This is another theme: people are capable of ignoring the most heinous acts in order to survive. They look away (like the boys at Schulpforta when Frederick is beaten almost to death). In this instance, it also shows how the Hitler Youth and the Nazi Party became so strong. I felt sick at how easily, and quickly, these ordinary boys turned into monsters who revelled in causing pain. It seemed similar to brainwashing them. I found it frightening. I had never thought about it before. The things I learned about World War II at school didn’t include the question: why did young men become Nazis? Etienne says at one point, “We all do what we must to survive,” and I think that’s an important aspect of this book. During unimaginable circumstances such as war, we, none of us, know what we would do.

Bravery is another theme. Marie-Laure is a wonderful character. Astute, intelligent, brave. Anthony Doerr did a fantastic job with putting me in Marie-Laure’s shoes. I got lost in the fear of being unable to see. Her trips to collect the bread, her encounters with Von Rumpel, her father leaving her. My heart went out to her when he left. I wanted so badly for him to stay. I never really understood why he did go. My heart was in my mouth when she and her father were fleeing Paris. It felt so frightening: to not know what was going on around her. Only that it was dangerous. To not be able to see where you are running; knowing only that you are running away from everything that is familiar to you.

Madame Manec is also a brave character. When we first meet her, she appears to be a little, old housekeeper. Nothing more. When she forms a division of the French Resistance with other housewives, I wanted to cheer. If it wasn’t for courageous women like her, maybe the war wouldn’t have ended when it did. I love Madame Manec’s boiling frog analogy as well. She says that a frog that is dropped into a pot of boiling water will jump straight back out again. But if you place the frog in cold water and slowly bring it to the boil, the frog will not realise what is happening, and will boil with it. Etienne, later, asks Marie-Laure whether she thinks Madame was speaking about herself of the Germans. Which is interesting because I thought she was speaking about Etienne. But all three explanations make sense. It’s this idea that people are brainwashed without realising it’s happening to them, and that they all follow the herd.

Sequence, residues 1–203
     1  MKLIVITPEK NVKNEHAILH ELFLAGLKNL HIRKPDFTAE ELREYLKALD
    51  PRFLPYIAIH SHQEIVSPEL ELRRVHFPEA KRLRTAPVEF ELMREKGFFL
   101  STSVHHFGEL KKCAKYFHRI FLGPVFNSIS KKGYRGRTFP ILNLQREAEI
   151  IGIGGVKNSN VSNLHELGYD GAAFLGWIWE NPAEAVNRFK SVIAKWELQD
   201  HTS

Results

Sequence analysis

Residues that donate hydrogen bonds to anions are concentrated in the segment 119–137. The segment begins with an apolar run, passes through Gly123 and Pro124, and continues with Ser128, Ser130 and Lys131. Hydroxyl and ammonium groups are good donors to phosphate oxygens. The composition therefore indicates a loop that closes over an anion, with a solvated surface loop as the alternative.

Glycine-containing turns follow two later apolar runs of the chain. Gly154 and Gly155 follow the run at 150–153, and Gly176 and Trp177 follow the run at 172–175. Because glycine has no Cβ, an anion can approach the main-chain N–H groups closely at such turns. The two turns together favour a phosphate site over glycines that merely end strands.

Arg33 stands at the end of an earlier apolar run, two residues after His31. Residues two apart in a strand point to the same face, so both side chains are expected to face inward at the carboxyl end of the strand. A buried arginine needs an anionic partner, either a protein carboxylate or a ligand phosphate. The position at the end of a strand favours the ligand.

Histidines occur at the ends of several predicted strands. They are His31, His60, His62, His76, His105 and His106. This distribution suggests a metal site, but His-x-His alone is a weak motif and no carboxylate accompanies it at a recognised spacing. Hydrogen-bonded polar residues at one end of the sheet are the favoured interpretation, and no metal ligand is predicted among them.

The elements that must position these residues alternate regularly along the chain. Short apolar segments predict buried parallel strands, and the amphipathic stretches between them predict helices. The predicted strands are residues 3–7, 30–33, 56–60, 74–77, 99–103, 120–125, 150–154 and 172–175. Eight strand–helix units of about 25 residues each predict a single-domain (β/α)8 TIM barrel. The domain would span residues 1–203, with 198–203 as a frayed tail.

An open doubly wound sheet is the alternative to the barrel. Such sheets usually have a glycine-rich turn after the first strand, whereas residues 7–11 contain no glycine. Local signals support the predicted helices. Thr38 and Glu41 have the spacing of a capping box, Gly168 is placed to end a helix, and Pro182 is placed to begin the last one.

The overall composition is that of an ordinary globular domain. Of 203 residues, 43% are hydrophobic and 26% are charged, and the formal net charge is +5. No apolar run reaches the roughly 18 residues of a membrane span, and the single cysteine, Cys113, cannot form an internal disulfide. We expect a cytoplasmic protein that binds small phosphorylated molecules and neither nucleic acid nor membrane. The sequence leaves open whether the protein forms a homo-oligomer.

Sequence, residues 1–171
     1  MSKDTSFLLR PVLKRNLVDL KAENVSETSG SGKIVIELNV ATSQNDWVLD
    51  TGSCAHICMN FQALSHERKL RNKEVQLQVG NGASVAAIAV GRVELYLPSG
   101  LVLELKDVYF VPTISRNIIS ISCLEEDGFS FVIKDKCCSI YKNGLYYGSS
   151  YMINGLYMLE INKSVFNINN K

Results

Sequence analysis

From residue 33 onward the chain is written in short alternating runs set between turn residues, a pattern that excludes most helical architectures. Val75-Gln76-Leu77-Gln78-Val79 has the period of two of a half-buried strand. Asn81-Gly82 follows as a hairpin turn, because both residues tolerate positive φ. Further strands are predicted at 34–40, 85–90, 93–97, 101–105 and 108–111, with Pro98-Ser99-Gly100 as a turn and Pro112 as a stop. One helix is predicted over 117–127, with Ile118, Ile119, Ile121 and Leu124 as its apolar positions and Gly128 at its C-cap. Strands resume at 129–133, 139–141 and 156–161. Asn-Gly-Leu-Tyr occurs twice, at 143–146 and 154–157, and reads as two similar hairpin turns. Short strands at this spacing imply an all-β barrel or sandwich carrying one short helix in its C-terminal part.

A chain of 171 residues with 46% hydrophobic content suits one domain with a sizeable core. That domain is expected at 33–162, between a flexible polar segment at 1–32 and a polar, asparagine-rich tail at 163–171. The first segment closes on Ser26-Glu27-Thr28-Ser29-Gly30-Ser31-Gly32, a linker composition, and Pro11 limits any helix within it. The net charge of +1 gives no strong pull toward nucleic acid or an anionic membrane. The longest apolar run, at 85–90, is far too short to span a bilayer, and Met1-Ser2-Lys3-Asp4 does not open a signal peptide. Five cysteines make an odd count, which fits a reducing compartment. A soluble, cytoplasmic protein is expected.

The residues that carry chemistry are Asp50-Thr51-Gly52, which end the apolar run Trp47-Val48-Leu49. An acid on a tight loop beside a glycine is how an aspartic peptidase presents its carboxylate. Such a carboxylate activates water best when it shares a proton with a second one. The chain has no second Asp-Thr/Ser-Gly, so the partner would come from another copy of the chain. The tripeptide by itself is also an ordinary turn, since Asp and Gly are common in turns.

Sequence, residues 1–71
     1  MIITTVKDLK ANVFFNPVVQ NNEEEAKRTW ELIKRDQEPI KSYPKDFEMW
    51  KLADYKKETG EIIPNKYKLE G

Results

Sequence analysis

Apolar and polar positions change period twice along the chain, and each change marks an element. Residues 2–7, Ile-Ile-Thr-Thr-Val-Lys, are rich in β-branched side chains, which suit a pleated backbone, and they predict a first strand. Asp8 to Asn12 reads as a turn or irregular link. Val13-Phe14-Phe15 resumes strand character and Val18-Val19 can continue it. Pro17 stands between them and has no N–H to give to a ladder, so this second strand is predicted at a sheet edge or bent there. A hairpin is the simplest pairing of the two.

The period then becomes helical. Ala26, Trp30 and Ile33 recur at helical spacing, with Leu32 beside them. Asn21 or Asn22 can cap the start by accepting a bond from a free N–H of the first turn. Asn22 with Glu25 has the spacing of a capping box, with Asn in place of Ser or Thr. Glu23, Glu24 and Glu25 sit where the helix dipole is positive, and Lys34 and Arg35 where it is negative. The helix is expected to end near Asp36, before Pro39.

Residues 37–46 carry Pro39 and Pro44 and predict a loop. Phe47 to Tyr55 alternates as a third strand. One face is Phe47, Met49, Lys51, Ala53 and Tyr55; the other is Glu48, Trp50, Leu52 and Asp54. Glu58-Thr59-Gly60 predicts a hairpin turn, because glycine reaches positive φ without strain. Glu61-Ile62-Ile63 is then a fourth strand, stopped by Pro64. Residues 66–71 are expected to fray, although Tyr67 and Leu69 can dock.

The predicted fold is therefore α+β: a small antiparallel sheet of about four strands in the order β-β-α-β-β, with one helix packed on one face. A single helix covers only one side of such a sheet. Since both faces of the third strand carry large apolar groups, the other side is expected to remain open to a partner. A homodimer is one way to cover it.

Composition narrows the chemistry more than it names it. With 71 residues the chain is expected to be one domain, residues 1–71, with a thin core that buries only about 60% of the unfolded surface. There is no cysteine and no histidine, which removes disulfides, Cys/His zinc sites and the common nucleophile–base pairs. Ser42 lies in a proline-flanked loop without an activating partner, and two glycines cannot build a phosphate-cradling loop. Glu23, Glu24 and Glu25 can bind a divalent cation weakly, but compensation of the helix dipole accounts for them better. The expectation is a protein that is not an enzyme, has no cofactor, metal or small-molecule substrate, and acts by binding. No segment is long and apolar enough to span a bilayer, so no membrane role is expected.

At the heart of the story is the myth of the Sea of Flames diamond. This is a stone that, reportedly, keeps whoever owns it from dying; whilst wreaking havoc and pain on that person’s loved ones. We learn about the stone and the myth (or curse) early in the novel, and the tale that builds surrounding it tells the reader it will have great significance. Which it does, as it links everything together. It is Daniel Le Blanc’s job to protect this, and he and Marie-Laure flee with it in their possession. It’s the reason Von Rumpel comes to Saint Malo, and Marie-Laure hides in the attic. She, in turn, transmits the radio programme because she is hiding there, and Werner and Volkheimer hear her, and break free from where they are trapped. She gives them hope, and it’s all because Von Rumpel is searching for the diamond in the rooms below her.

All the time, Marie-Laure believes the stone to be cursed, and in the end, before being rescued, she throws it away. She doesn’t want it, and neither does Werner. They are good people, they aren’t filled with greed and material desire, so they don’t want this stone. At the end of the book, I thought Werner had gone back for the stone, so I thought he would be all right (yes, I believed in the curse). So when he died, because of the manner in which he died, it actually winded me. I had to put the book down, and recover. I’m not sure I’ve ever experienced such a strong physical reaction before when reading.

The characters are what makes this book so memorable for me. Along with Marie-Laure and Werner, there is Etienne, Madame Manec, Volkheimer, Jutta, Frau Elena, Frederick, Von Rumpel, Daniel. Each person has a unique story, and every one is interwoven with the others. It’s so clever. Meticulous planning must have gone into this book. I love that it is Marie-Laure’s grandfather’s voice whom Werner and Jutta listen to on their first wireless as children. For Werner to rescue this man’s granddaughter, and see where he made the recordings is a stroke of brilliance. Marie-Laure and Werner spend a day together, but it changes both of their lives forever. In the grand scheme of things, their meeting is tiny. But it symbolises something much bigger: people who aren’t afraid to stand up for what they believe in, and who do the right thing.